obvious love of Whitby, Staithes and other nearby villages shines
  through. Sutcliffe retired from photography in 1922 and became
  curator of the Whitby Literary and Philosophical Society, a
  position he held until his death in 1941. The fact that the local
  clergy of Whitby 'excommunicated' Sutcliffe for showing this print
  to the corruption of the other 'sex' has at times tended to eclipse
  the sheer artistic and technical brilliance of this photography.
 
 
During the latter half of the nineteenth century the manufacture of
  jewellery from locally mined jet was one of Whitby's main
  industries. Situated in Haggersgate and owned by William Wright,
  this was the only jet workshop equipped with gas-engine
  powered lathes. Today you can still see jet being made in the
  Jet museum on upper church street near the Duke of York pub
  inside Is all the old tools they used to use.
  A Whitby 'cat' aground near Belle Island in the upper harbour.
  A 'cat' was a boat with a flat keel designed for loading and
  unloading cargo, very often coal, from the beach. The
  'Endeavour', the first ship used by Captain James Cook on his
  voyages of discovery, was also a Whitby built 'cat'. Captain
  James Cook chose this kind of vessel because it had a flat
  bottomed keel and was large enough to hold all he stores for a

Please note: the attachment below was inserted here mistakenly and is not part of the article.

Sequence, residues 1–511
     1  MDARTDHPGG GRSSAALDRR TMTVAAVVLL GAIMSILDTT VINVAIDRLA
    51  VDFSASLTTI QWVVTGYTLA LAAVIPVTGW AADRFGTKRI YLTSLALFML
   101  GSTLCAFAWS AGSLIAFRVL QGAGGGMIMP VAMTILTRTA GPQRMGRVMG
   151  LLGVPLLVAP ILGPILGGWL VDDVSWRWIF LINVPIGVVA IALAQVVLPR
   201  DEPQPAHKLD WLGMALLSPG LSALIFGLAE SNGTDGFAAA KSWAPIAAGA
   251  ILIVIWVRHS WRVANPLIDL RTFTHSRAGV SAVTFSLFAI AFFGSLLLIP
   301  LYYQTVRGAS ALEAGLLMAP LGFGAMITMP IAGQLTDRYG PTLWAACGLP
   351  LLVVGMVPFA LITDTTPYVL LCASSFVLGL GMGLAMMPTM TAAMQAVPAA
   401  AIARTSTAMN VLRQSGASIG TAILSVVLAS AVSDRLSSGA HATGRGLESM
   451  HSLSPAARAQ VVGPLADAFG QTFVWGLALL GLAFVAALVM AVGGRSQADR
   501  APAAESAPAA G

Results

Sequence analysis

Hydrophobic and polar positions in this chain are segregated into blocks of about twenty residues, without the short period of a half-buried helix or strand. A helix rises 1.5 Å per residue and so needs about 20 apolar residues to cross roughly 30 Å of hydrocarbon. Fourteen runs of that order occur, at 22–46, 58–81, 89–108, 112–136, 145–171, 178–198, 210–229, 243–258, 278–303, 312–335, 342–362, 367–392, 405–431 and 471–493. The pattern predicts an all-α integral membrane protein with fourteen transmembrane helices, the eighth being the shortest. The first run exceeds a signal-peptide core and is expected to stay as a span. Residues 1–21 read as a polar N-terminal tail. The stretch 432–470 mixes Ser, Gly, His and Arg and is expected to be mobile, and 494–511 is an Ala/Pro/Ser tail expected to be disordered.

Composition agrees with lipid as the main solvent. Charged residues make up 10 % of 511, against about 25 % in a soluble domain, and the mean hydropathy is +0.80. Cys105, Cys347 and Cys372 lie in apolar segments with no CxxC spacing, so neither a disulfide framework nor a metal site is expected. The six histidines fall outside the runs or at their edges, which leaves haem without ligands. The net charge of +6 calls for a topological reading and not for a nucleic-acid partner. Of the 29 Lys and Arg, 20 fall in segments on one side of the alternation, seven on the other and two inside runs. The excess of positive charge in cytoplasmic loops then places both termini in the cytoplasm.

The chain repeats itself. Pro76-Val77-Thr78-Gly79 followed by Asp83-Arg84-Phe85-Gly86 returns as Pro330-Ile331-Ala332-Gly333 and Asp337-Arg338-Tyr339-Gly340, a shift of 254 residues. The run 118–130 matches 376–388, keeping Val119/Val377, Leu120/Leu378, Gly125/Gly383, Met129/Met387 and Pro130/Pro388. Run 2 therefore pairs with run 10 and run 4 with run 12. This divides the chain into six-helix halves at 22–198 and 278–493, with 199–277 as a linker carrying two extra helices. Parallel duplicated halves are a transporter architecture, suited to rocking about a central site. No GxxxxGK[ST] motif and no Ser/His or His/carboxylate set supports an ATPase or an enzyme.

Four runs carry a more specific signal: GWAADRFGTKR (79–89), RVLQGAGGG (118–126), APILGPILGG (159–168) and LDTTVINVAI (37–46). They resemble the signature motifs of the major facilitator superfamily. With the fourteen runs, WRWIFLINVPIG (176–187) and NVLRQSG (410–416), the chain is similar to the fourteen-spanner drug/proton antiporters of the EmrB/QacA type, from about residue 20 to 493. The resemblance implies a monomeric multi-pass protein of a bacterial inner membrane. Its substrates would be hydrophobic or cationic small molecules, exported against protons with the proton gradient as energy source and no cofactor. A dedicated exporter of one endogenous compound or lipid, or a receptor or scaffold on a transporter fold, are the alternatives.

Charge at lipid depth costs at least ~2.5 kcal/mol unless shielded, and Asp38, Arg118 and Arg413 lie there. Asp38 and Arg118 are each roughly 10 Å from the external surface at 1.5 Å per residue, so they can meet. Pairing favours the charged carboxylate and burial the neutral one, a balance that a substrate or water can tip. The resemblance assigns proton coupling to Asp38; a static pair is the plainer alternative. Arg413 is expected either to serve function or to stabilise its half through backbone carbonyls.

very long voyage.


 

 

 

  Whitby      
         
 

  WHITBY:
with its fish and chip restaurants and takeaway` s
   plus the ice cream parlours, the day visitors and holidaymakers
   all enjoying the history and culture of this lively resort. Here we
   can find vampires and Goths during the season and it’s all on
   offer in Whitby, one of the North East coast’s most visited and
   best loved seaside town resorts.
   With Blue Flag beaches and many attractions, including the world-
   famous steam North Yorkshire Moors Railway in Grosmont.
   Whitby is the perfect base for a family holiday. But it doesn’t end
   there. Whitby wallows in English history, including whaling fleets
   of the Scoresby family. The commercial and leisure fishing
   industry, the jet making industry. Did you know that it’s still the
   best place in the world to find the gleaming black gemstone that
   is created from the monkey puzzle tree and so beloved by the
   Victorians?
  There is the Captain Cook connection with the Whitby family
   Walkers who took the young Cook on as a prentice. Cook was